July 2017: Journal of Experimental Psychology. Animal Learning and Cognition
https://www.readbyqxmd.com/read/29118129/admixture-mapping-in-a-hybrid-zone-reveals-loci-associated-with-avian-feather-coloration
#6
Alan Brelsford, David P L Toews, Darren E Irwin
Identifying the genetic bases for colour patterns has provided important insights into the control and expression of pigmentation and how these characteristics influence fitness. However, much more is known about the genetic bases for traits based on melanin pigments than for traits based on another major class of pigments, carotenoids. Here, we use natural admixture in a hybrid zone between Audubon's and myrtle warblers (Setophaga coronata auduboni/S. c. coronata) to identify genomic regions associated with both types of pigmentation...
November 15, 2017: Proceedings. Biological Sciences
https://www.readbyqxmd.com/read/29118103/familiar-but-unexpected-effects-of-sound-context-statistics-on-auditory-responses-in-the-songbird-forebrain
#7
Kai Lu, David S Vicario
Rapid discrimination of salient acoustic signals in the noisy natural environment may depend not only on specific stimulus features, but also on previous experience that generates expectations about upcoming events. We studied the neural correlates of expectation in the songbird forebrain by using natural vocalizations as stimuli and manipulating the category and familiarity of context sounds. In our paradigm, we recorded bilaterally from auditory neurons in awake adult male zebra finches with multiple microelectrodes during repeated playback of a conspecific song, followed by further playback of this test song in different interleaved sequences with other conspecific or heterospecific songs...
November 8, 2017: Journal of Neuroscience: the Official Journal of the Society for Neuroscience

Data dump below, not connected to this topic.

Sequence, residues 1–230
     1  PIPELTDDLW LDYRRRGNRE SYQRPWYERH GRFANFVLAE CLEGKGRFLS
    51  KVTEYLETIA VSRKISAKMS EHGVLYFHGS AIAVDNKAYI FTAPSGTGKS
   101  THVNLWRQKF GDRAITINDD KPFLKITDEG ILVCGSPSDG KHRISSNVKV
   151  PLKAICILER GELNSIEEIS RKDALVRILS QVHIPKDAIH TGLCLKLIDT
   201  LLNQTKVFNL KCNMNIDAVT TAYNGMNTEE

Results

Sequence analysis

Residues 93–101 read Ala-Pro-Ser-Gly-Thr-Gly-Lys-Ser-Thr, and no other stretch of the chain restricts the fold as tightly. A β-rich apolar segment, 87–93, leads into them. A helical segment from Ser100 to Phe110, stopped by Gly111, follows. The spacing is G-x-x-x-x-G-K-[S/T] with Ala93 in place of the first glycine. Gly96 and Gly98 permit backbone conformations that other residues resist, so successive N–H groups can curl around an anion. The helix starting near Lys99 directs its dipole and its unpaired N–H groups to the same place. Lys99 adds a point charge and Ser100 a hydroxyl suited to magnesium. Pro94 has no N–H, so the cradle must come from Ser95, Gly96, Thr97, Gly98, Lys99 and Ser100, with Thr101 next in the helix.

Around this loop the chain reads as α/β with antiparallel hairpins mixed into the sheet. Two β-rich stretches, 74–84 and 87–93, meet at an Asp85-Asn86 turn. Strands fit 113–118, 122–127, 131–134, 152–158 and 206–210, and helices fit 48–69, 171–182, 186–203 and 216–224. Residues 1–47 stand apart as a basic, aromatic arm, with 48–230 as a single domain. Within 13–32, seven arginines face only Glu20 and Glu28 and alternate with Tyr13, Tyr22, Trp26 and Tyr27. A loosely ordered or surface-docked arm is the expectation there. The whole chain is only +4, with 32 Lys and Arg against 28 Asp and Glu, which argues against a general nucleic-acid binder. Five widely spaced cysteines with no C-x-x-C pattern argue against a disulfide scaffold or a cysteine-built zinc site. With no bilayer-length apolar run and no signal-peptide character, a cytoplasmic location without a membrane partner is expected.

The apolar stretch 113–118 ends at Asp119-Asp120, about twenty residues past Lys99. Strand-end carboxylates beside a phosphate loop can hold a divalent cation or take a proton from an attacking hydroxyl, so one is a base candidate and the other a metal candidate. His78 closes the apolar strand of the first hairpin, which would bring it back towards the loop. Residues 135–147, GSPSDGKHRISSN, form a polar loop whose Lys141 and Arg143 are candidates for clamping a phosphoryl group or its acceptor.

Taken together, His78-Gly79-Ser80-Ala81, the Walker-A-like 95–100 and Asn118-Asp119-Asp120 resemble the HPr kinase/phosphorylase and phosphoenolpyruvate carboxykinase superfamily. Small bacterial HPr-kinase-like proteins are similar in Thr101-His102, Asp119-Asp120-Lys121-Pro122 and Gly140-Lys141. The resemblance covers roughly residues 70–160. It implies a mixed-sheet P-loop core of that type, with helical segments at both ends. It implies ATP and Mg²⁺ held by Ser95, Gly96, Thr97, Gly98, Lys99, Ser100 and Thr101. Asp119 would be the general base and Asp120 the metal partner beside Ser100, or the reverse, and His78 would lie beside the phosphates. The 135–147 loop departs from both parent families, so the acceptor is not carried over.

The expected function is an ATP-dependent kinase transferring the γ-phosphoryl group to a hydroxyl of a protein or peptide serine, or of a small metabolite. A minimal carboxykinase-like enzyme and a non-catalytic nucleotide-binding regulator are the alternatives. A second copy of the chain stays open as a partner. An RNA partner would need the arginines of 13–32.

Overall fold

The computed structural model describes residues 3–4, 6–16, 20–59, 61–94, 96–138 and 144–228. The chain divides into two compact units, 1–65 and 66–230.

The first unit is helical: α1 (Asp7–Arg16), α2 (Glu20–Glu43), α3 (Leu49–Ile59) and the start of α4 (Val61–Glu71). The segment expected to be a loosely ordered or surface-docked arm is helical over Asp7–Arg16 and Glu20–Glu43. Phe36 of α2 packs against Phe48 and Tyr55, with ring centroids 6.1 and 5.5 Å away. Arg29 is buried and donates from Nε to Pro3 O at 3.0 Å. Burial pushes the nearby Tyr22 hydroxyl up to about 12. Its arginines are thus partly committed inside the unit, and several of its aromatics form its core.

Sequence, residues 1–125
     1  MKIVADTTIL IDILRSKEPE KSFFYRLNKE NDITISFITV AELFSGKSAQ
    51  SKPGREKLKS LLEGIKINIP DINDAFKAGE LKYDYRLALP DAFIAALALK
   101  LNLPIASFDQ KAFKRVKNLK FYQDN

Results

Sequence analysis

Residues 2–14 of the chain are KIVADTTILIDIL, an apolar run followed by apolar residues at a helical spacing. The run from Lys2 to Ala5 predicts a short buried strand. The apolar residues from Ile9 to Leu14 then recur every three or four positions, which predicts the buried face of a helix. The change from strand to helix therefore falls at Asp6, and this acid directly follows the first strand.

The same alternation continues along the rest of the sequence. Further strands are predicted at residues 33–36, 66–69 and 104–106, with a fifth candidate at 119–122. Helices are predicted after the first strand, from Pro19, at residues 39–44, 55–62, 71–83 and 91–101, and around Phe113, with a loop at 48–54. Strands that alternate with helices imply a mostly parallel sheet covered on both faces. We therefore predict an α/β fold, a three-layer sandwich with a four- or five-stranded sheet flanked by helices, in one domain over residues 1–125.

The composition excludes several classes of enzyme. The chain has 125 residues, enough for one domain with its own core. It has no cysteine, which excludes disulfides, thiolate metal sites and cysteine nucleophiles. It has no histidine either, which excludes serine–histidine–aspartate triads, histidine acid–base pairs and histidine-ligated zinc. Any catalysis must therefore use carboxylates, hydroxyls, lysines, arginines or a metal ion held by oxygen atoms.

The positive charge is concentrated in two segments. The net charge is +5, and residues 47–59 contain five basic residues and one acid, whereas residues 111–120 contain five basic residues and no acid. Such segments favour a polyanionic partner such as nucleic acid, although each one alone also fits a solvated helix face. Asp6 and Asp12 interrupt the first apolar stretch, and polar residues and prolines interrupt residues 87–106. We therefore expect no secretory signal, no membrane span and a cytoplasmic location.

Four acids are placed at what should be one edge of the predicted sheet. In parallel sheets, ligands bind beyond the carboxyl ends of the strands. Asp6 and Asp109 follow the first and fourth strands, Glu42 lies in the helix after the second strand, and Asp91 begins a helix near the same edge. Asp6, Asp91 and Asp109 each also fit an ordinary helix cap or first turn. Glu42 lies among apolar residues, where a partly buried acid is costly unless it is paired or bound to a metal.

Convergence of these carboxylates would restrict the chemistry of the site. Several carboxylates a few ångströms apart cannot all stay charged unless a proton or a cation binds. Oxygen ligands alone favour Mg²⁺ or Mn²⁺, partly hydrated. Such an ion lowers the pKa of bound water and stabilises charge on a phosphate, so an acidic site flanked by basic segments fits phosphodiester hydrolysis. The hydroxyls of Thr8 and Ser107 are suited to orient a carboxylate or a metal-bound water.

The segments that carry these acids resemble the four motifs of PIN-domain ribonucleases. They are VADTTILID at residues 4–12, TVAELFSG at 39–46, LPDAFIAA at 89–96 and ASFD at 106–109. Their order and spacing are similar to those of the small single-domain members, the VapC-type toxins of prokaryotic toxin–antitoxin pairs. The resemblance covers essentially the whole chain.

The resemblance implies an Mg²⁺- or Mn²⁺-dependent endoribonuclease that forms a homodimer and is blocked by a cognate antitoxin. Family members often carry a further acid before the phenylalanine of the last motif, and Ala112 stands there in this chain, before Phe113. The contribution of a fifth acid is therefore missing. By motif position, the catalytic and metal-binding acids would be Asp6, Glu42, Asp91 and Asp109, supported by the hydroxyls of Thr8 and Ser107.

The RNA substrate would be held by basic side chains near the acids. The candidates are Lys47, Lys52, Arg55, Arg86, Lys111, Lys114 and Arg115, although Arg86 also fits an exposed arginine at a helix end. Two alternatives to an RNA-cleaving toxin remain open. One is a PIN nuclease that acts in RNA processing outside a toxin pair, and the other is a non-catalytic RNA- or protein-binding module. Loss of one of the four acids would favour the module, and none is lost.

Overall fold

https://www.readbyqxmd.com/read/29089517/songbirds-work-around-computational-complexity-by-learning-song-vocabulary-independently-of-sequence
#8
Dina Lipkind, Anja T Zai, Alexander Hanuschkin, Gary F Marcus, Ofer Tchernichovski, Richard H R Hahnloser
While acquiring motor skills, animals transform their plastic motor sequences to match desired targets. However, because both the structure and temporal position of individual gestures are adjustable, the number of possible motor transformations increases exponentially with sequence length. Identifying the optimal transformation towards a given target is therefore a computationally intractable problem. Here we show an evolutionary workaround for reducing the computational complexity of song learning in zebra finches...
November 1, 2017: Nature Communications
https://www.readbyqxmd.com/read/29080113/no-effect-of-lifelong-methylmercury-exposure-on-oxidative-status-in-zebra-finches-taeniopygia-guttata-a-demonstration-of-methylmercury-induced-selection
#9
John W Finger, Juan Botero, Yufeng Zhang, Shelby E Still, Alexander J Hoffman, Andreas N Kavazis, Daniel A Cristol, Haruka Wada
Songbirds exposed to methylmercury (MeHg) often exhibit reduced reproductive success and cognitive abilities. To better understand whether oxidative stress plays a role, we dosed zebra finches (Taeniopygia guttata) with a contaminated (1.2 ppm MeHg-cysteine) or control diet for their entire lives, including during development in the egg. Levels of antioxidant enzymes [superoxide dismutase (SOD1 and SOD2)], oxidative damage (4-hydroxynonenal; 4-HNE), and antioxidant transcription factors [nuclear factor (erythroid-derived 2)-like 2; Nrf2] were measured in the liver and pectoralis muscle of adults...
October 27, 2017: Bulletin of Environmental Contamination and Toxicology
https://www.readbyqxmd.com/read/29079676/sex-biased-microrna-expression-in-mammals-and-birds-reveals-underlying-regulatory-mechanisms-and-a-role-in-dosage-compensation
#10
Maria Warnefors, Katharina Mössinger, Jean Halbert, Tania Studer, John L VandeBerg, Isa Lindgren, Amir Fallahshahroudi, Per Jensen, Henrik Kaessmann
Sexual dimorphism depends on sex-biased gene expression, but the contributions of microRNAs (miRNAs) have not been globally assessed. We therefore produced an extensive small RNA sequencing data set to analyze male and female miRNA expression profiles in mouse, opossum, and chicken. Our analyses uncovered numerous cases of somatic sex-biased miRNA expression, with the largest proportion found in the mouse heart and liver. Sex-biased expression is explained by miRNA-specific regulation, including sex-biased chromatin accessibility at promoters, rather than piggybacking of intronic miRNAs on sex-biased protein-coding genes...